At 6:30 p.m. today, Deb Naybor will present “How Special is Chautauqua Lake” at the Lake Walk, discussing the gift of fresh water. Meet at the covered porch of the Heinz Fitness Center, located on South Lake Drive at the corner of South Avenue (below the Youth Activities Center). This event is sponsored by the Bird, Tree & Garden Club in cooperation with the Chautauqua Watershed Conservancy.
When Kenyan President Daniel arap Moi set fire to 12 tons of illegal ivory in 1989, conservationists like Paula Kahumbu thought the end of elephant slaughter was in sight. And it was — until now.
Following that demonstration, poaching numbers dropped for nearly 20 years. But recently, worldwide demand for ivory has increased, which means that African elephants are in more danger of becoming extinct than ever before.
Kahumbu, the executive director of WildlifeDirect in Nairobi, Kenya, delivered Tuesday’s morning lecture in the Amphitheater, the second under the week’s theme of “The Next Greatest Generation.” WildlifeDirect works to save elephants and endangered species living in Kenya’s forests, savannas and plains.
Column by Paula Kahumbu
Africa is facing an unprecedented crisis of elephant poaching that threatens to wipe out the species in a decade. As poachers gun down elephant matriarchs, and destroy their families, buyers of ivory in countries like China, Vietnam and Thailand purchase exquisite ivory carvings of their gods, and believe that they are somehow worshiping God. Don’t they know that their consumer habits are killing nature? Don’t they know that Nature is God?
The situation in China is particularly hazardous. The domestic markets for ivory in China are legal and sanctioned by the government, which denies the link between the illegal trade and the illegal killing of elephants. Yet studies conducted by National Geographic IFAW, the EIA, Save the Elephants and others reveal that over 86 percent of ivory being sold in shops in China is from illegal sources. The Chinese government says Africa is to blame and demands that African nations crack down on poaching.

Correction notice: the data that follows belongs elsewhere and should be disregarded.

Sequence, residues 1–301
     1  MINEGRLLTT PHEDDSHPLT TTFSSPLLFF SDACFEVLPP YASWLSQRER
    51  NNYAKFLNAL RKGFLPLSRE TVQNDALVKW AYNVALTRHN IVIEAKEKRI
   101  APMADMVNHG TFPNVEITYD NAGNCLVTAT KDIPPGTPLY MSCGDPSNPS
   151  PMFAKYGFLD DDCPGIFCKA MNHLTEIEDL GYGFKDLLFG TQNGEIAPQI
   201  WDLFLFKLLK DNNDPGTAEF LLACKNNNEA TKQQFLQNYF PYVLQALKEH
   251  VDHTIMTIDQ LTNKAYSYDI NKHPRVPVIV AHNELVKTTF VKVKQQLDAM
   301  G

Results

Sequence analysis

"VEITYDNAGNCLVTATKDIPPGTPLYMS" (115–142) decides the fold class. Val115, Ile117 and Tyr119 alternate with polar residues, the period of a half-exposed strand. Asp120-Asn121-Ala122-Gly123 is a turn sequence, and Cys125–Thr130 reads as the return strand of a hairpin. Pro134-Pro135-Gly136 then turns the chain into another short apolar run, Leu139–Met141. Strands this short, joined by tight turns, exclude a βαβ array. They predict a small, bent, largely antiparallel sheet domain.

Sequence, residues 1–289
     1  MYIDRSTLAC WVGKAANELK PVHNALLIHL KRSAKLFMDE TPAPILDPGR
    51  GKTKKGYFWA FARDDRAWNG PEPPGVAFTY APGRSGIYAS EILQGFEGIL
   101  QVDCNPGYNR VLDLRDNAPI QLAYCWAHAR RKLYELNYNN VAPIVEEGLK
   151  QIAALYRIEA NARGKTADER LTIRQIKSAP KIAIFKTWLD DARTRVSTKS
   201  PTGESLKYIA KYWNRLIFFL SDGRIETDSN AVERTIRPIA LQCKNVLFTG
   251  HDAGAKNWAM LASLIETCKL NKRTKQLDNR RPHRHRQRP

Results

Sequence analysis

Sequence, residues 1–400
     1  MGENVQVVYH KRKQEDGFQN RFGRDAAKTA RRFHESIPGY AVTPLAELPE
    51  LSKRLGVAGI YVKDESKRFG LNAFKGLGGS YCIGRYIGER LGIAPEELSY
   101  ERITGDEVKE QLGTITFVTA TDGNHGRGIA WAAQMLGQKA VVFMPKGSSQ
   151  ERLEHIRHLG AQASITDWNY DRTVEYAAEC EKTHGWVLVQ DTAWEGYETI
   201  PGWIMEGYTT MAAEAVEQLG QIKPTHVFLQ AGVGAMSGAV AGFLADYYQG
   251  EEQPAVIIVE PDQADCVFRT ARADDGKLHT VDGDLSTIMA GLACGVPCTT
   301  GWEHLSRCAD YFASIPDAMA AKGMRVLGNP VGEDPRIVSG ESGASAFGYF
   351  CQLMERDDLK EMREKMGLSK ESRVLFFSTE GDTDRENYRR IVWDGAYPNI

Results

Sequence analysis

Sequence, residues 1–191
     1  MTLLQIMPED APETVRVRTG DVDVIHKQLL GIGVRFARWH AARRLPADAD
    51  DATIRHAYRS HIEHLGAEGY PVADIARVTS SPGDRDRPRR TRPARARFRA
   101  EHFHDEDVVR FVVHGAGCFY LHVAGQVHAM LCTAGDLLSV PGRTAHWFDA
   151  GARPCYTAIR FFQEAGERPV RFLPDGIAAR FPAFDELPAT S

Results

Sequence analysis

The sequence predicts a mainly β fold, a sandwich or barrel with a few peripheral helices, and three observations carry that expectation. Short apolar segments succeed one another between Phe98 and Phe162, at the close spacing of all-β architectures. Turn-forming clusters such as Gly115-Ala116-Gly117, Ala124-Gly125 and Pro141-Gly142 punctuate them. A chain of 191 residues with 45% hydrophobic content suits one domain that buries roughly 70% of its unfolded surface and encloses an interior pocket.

Patricia Jabbeh Wesley’s home is Monrovia, Liberia.
Although she has lived in the United States for more than two decades, her life in Africa and having survived the Liberian civil war impacts her, and she will present “Writing as a Tool in Healing: A Living Experience” in a Brown Bag lecture at 12:15 p.m. today on the Alumni Hall porch.
“My writing has been almost taken over by my experience of the Liberian civil war and by watching from the outside as my country became completely destroyed and my people died for 12 more years after my flight,” Jabbeh Wesley said. “But I am glad that I am more than ‘that writer’ about war.”